Being a teenager, dealing with injustices (and there are so many at that age, real and perceived), is exhausting. So I hope this title injects a dose of optimism about what the possibilities are for the future.
Q: Can you say more about what you hope readers take away from the book?
A: I always want my readers to enjoy an emotionally satisfying story. I prefer reading novels that tell me about things I didn’t know, too, so I hope No Stopping Us Now feeds people’s thoughts, as well as their hearts.
The story uses basketball as its container, but it’s really about sisterhood and activism, about girls and young women finding their voices, speaking up for change in their communities. Several male allies, both students and adults, play a big part in the story, too, and I think that’s a good takeaway from the narrative.
I’d like readers to see how one girl stood up for herself, and how her teammates and friends helped, and the difference that courage made.
Q: What are you working on now?
A: I have a book coming out next March, called Tell the Rest, about a couple of young adults who, as teenagers, were subjected to conversion therapy at a Christian camp. Their friendship saved their lives, but after leaving the camp, they lost touch with each other. The novel follows the path they each take healing from the experience and finding one another again.
I wrote Tell the Rest during the Trump years and the question of how to manage rage was, and still is, at the forefront of my mind. Where does rage come from? What are we supposed to do with it? Why exactly are so many people enraged?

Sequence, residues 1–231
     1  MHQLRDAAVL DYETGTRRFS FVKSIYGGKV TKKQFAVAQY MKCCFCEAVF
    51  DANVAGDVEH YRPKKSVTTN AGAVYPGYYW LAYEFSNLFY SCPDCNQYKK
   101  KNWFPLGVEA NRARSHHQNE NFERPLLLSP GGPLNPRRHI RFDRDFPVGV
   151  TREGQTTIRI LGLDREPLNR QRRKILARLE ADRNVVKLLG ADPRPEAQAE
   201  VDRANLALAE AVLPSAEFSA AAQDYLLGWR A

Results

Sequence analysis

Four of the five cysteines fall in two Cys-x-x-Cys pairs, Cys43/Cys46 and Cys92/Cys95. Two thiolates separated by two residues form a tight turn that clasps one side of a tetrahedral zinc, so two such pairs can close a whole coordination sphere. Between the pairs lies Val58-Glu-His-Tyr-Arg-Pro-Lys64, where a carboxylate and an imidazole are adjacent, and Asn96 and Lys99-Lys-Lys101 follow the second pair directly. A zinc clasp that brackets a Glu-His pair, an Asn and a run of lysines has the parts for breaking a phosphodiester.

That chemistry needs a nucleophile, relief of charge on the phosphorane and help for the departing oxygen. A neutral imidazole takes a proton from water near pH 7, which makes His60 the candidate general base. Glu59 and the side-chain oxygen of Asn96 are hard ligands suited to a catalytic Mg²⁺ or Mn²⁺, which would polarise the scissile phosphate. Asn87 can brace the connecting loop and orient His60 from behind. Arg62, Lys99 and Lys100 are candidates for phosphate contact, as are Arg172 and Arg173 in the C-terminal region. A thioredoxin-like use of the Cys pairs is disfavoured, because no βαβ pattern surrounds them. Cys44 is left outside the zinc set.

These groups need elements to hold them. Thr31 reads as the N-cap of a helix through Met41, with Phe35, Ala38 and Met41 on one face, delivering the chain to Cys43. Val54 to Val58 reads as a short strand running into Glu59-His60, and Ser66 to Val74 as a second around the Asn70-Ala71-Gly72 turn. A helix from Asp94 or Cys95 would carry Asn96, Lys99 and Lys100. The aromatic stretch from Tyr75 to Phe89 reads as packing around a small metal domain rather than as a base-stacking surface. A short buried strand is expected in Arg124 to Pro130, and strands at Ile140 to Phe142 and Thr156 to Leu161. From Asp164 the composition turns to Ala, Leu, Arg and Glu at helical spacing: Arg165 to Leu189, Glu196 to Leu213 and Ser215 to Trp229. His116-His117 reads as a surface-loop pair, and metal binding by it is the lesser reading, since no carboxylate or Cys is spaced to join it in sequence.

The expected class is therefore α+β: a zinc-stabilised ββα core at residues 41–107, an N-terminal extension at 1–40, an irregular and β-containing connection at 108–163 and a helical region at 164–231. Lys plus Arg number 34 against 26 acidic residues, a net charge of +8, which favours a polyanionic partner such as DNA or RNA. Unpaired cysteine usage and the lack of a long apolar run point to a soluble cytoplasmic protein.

So I flipped those questions and did some research into what makes people happy and gives them peace. Two big answers to this question are, one, being a part of a committed community, and two, being in beautiful places. Bingo. This rang so true for me.
Basketball, being on teams made up of a collection of diverse girls working cooperatively for excellence and toward specific goals, and all the humor and love and angst that comes with teams, saved my life as I was growing up. The dancelike beauty of the sport and the endorphins also filled me with joy.
As for beautiful places, I grew up in Oregon and love the state, especially its mountains and shorelines. And yet traveling in rural parts of Oregon can be frightening for me as an obvious queer person. Add to that the fact that the demographics in the rural parts of this country are growing ever more diverse, including in Oregon.
For my novel, I wanted to look at that mix, what happens when all kinds of people—BIPOC, queer, straight, white, etc.—live together in rural Oregon.
Finally, circling back to rage, I’ve been doing a lot of writing in the last few years about the Christian right. How these people are anything but Christian. How they are the source of so much hate in this country. I wanted to address that head-on in Tell the Rest, the confluence of that hate with the beauty of Oregon and the intensity of community.
Q: Anything else we should know?
A: I’d love to see folks at any of my events for No Stopping
Us Now — some in person and some virtual. They can find the events here.
--Interview with Deborah Kalb